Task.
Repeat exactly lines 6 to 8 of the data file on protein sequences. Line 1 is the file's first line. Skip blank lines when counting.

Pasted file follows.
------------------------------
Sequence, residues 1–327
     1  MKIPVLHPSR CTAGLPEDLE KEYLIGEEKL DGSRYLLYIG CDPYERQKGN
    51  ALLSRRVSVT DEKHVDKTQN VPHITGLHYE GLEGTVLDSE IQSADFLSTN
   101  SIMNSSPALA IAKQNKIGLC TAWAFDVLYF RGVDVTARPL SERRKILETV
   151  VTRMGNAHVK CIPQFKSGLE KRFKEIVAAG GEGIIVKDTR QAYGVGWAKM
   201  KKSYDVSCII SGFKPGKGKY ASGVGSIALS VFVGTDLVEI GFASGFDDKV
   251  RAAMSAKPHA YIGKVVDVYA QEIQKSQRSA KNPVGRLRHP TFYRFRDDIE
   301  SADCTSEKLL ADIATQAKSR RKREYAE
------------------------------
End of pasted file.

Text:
   201  KKSYDVSCII SGFKPGKGKY ASGVGSIALS VFVGTDLVEI GFASGFDDKV
   251  RAAMSAKPHA YIGKVVDVYA QEIQKSQRSA KNPVGRLRHP TFYRFRDDIE
   301  SADCTSEKLL ADIATQAKSR RKREYAE